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Chapter Summaries

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    • Kay Fischer
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    How We've Organized the Chapters

    In this resource, we’ve organized learning objectives typically addressed in an “Intro to Ethnic Studies” class or courses similar to this, and considered the CSU Ethnic Studies core competencies within the following ten chapters:

    Chapter 2: “The Ongoing Struggle for Ethnic Studies”

    In Chapter 2: “The Ongoing Struggle for Ethnic Studies,” Espinoza-Kulick examines how Ethnic Studies was birthed out of struggle, which helps to define this unique discipline. Students will uncover the basic frameworks used in Ethnic Studies such as Indigeneity and Transformative Resistance. Starting with examples of counter-hegemonic knowledge production outside academia, Espinoza-Kulick writes about the ways our communities have sustained our heritage in the face of genocide, settler-colonialism, slavery, and other systems of oppression that attempted to strip communities of their languages, cultures, spiritual practices, and ancestral connections. This chapter also explores the ways people of color have resisted educational oppression including leading the longest student strike in the United States, which was for a Third World College at San Francisco State in 1968. Espinoza-Kulick emphasizes how this discipline moved students beyond examination of oppression into resistance and social change work. Readers will also understand how the discipline has grown and evolved over the past five decades, while countering threats against Ethnic Studies.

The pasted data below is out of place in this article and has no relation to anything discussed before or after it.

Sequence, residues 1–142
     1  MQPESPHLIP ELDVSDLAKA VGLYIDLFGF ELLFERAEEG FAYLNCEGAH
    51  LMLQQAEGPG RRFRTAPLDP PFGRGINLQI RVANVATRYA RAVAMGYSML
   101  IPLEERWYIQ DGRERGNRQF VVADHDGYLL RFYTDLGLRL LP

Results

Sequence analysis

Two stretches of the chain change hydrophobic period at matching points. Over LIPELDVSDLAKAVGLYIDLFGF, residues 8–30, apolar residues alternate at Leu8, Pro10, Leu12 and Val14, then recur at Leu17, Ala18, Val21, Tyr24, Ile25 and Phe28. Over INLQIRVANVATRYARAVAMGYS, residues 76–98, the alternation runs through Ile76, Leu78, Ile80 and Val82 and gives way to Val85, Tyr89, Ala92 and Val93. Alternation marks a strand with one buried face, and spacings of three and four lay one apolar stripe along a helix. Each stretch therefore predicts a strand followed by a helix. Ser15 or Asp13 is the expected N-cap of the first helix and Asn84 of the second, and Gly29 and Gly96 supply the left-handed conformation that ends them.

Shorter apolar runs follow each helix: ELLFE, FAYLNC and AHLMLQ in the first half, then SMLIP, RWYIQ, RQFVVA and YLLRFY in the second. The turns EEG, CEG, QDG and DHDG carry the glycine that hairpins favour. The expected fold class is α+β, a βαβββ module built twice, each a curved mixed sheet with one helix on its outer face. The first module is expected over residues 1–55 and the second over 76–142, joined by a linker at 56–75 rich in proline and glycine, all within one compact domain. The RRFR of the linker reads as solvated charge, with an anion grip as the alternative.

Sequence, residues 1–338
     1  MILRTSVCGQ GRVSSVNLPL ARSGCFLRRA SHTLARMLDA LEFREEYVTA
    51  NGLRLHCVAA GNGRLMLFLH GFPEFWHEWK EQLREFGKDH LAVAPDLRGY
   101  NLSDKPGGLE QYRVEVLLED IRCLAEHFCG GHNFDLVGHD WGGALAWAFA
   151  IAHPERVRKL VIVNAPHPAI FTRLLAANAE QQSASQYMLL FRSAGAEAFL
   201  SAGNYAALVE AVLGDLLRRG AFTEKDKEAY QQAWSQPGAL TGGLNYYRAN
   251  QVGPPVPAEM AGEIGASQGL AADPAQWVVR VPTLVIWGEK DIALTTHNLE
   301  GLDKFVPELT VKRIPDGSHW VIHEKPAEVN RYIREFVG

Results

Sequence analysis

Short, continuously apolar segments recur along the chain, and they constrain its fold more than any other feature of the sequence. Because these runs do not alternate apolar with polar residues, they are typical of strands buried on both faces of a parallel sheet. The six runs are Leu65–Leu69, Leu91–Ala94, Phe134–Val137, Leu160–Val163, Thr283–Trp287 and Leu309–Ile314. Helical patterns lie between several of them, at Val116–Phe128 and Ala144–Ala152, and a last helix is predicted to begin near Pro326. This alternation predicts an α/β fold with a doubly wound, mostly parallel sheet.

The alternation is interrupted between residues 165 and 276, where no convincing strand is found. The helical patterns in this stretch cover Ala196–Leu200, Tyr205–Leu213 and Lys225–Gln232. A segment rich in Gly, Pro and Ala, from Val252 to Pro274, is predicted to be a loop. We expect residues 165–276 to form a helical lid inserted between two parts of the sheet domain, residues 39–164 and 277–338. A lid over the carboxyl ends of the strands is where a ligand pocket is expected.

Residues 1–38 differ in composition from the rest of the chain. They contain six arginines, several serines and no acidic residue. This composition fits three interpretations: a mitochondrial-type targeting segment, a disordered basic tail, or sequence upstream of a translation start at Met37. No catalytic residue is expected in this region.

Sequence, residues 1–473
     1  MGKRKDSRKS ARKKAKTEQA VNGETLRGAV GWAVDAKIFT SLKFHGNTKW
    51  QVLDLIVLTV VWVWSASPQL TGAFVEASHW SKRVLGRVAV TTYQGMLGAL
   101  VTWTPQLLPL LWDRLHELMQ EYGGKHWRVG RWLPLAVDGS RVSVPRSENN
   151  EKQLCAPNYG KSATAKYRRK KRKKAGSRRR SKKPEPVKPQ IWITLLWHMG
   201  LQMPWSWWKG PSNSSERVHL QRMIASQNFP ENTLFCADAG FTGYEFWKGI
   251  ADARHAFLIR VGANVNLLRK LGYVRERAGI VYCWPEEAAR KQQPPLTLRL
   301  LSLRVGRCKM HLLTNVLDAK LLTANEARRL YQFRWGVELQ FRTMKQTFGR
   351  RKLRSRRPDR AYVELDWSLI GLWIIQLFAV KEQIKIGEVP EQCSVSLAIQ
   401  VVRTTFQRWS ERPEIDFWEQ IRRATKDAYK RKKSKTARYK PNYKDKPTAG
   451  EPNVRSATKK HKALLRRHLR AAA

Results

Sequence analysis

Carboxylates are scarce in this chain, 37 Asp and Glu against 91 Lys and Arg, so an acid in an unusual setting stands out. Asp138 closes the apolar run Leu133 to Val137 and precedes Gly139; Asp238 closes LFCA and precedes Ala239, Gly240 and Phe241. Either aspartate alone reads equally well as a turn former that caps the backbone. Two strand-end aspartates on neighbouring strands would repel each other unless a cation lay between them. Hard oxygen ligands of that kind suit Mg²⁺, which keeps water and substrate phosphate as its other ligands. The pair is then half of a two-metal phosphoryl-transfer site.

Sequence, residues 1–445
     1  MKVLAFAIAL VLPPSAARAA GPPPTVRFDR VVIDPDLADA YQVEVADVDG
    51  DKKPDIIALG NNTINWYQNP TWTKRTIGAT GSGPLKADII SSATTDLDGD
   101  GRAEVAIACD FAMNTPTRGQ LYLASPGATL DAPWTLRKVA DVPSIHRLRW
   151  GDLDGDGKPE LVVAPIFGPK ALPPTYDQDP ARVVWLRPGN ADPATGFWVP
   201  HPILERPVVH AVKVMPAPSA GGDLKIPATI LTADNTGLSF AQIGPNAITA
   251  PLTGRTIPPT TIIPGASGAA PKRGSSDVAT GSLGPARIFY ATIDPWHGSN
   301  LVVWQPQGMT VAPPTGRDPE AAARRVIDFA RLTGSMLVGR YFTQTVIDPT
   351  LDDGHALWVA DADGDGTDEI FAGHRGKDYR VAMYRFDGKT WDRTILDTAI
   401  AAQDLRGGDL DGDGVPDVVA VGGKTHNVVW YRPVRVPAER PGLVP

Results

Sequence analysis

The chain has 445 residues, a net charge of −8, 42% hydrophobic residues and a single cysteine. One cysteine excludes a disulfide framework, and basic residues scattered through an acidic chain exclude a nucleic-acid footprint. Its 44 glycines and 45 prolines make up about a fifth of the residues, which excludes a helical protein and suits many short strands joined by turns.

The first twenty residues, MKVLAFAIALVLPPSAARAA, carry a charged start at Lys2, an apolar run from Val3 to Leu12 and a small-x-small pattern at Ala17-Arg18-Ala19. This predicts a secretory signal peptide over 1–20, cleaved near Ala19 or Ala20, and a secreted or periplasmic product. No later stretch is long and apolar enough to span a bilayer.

Chapter 3: “Africana/African American/Black Studies”